Distress is a normal response to an abnormal time – which is the situation when cancer is diagnosed and treated. For a long time, the focus on treating cancer was to “get rid of the tumor and then nothing more is needed.” Through the years experts realized that it wasn’t enough just to get rid of the tumor. People with cancer weren’t doing well with their lives and their distress was overwhelming.  For humanistic reasons then, a start was made to include care for the whole person, not expecting any other benefits than lowering the distress they felt – a distress that could be overwhelming and debilitating. Psychosocial care means learning how to lower distress and cope well, be optimistic, find the information you want, have good social support, eat and exercise well, keep a strong sense of personal control, and handle your life well.

As psychosocial oncology research gained in rigor and expertise some startling findings  emerged! The research evidence that psychosocial interventions are effective in adhering to treatments and reducing distress is now strong and convincing. We’ve learned that good psychosocial functioning is essential to health and good cancer outcomes. Besides reducing distress, good coping means that people with cancer have important advantages, including staying with their treatments and increasing their chances of success. In fact, good coping with all that it means including exercising and eating well can prevent some cancers from developing and some from recurring!

Here is a brief summary of the benefits of coping well and reducing your distress:

You are likely to have:

a stronger immune system,
more satisfaction with your treatment,
your treatment be more effective,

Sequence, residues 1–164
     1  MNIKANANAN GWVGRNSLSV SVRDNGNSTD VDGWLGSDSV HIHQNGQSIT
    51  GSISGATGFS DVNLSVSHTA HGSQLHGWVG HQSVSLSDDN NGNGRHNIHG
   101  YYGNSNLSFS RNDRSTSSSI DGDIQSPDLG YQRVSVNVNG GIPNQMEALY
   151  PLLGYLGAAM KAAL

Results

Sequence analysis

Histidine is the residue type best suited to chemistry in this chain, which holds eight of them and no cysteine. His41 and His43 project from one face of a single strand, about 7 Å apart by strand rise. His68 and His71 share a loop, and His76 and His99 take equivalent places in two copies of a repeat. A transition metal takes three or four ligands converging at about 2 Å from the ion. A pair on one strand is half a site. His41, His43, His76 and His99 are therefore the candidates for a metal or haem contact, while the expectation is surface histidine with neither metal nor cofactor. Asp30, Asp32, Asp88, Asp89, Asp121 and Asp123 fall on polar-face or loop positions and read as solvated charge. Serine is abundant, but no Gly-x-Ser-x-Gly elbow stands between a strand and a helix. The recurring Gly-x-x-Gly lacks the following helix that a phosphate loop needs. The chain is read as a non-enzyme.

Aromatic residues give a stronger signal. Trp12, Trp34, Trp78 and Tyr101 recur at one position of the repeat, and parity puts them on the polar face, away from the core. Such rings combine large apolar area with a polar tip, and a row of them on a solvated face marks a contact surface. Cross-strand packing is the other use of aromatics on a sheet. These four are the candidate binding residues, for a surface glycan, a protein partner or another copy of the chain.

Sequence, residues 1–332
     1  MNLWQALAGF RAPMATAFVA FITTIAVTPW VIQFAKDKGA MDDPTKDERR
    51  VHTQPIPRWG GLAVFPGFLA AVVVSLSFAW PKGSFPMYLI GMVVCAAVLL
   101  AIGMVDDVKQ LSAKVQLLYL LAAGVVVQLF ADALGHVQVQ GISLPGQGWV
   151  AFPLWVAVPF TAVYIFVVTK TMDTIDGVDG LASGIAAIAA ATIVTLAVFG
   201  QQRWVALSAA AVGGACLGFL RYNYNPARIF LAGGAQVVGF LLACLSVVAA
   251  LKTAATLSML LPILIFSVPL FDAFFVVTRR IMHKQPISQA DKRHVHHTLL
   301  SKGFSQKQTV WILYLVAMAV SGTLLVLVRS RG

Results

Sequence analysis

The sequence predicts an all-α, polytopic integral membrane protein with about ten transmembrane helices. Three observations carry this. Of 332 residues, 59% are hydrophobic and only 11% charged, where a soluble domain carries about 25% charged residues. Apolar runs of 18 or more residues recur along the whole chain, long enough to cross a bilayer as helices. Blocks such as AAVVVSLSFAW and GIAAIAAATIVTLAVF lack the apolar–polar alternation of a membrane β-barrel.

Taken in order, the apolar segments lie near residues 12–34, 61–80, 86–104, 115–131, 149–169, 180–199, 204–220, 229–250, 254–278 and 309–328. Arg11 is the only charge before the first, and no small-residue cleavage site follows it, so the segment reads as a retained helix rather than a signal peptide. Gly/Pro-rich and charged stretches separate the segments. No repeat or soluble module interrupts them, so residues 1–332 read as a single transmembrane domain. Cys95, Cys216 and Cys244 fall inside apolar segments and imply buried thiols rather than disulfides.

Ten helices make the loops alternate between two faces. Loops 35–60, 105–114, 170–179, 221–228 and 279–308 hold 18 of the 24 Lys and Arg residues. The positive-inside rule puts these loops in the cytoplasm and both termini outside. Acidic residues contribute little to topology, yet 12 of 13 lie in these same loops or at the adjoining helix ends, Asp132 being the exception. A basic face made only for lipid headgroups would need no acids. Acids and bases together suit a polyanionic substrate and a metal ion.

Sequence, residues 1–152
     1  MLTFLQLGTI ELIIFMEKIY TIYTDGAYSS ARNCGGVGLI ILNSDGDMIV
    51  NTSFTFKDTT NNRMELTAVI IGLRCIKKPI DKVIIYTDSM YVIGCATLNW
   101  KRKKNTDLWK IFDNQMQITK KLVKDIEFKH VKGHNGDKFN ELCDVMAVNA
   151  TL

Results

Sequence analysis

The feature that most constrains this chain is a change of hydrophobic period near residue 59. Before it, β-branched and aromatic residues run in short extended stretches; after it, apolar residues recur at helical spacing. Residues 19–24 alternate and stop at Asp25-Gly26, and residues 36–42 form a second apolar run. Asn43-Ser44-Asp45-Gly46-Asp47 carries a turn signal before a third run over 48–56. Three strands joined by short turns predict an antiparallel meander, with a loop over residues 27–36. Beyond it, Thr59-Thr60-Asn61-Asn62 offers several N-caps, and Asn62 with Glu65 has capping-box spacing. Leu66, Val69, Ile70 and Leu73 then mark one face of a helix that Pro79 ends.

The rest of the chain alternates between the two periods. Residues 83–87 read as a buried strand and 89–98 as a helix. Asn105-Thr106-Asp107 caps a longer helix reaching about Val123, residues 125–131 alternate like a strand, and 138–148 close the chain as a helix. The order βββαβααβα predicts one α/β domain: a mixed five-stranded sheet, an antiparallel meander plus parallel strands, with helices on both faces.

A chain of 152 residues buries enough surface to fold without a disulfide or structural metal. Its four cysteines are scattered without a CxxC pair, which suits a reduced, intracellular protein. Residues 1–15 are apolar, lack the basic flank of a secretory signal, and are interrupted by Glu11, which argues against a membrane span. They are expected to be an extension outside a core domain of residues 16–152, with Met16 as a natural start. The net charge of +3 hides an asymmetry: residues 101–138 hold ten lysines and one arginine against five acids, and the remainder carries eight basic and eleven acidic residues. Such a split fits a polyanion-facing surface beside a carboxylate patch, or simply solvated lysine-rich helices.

lower medical costs,
better nutrition and exercise habits,
more optimism and self-esteem
fewer side effects from the treatments, and
the increased possibility of a better disease course – longer survival and less chance of remission.

Other research has found that good coping can be taught to those with cancer and their families –and that it’s never too late to learn. What’s amazing about this information is that it means that everyone who wants to cope better and have less distress can easily learn how to make it happen.

As a result of this large body of research, the standards of care for those with cancer now include psychosocial care as a regular, important part of treatment. Cancer distress is now considered in Canada to be the 6th vital sign –after temperature, pulse, blood pressure and pain. The Canadian hospital accreditation process has added the delivery of adequate psychosocial care to their list of requirements for hospital accreditation. The Institute of Medicine 2007 (US) stated that, “the standard for cancer care must include psychosocial care.”

What else have we learned? The sooner after diagnosis you learn about your distress the sooner you can start getting psychosocial support and gain the benefits. Where do you find psychosocial care? Your university cancer centre may have programs, you can speak to your nurse clinician, social worker or physician about it, look at community resources like Wellspring and YMCA’s, or contact private and public resources such as counseling or social services.
It’s not only a good idea to get psychosocial support and learn good coping strategies, it’s just about essential. It makes you feel better and in control of yourself and tells the world that you are smart, resourceful, optimistic, practical, and strong. 

Dr. Linda Edgar, RN, PhD

OF NOTE (Susan Snow)

In rural communities your Doctor may know where you can go for help, try to get in touch with others that have gone through cancer they can be a wealth of information in dealing with these issues.  In Creston or outside of Creston, please call me - Susan Snow (250)428-2470 - I have taken calls from people all over North America and would love to talk to anyone with questions.  I have been trained by the Canadian Colon Cancer Association to be a Cancer Coach and you may also contact them directly at the number below.  They have coaches in most every province in Canada and they can put you in touch with someone near you.  A lot of Cancer Agencies and Associations might have Cancer Coach programs where you can speak to someone that has gone through the same cancer, and many of those numbers are on our links page.  The Canadian Cancer Society also has a Cancer Coach program as well.  Please give someone a call - Attitude is half the battle - it not more.

Contact the Canadian Colon Cancer Association at:
60 St. Clair Avenue East Suite 204 Toronto, Ontario, Canada M4T 1N5 Telephone: (416) 920-4333 Fax: (416) 920-3004 E-Mail:

Psychosocial Aspects of Cancer
Dr. Linda Edgar, RN, PhD
Canadian Colon Cancer Association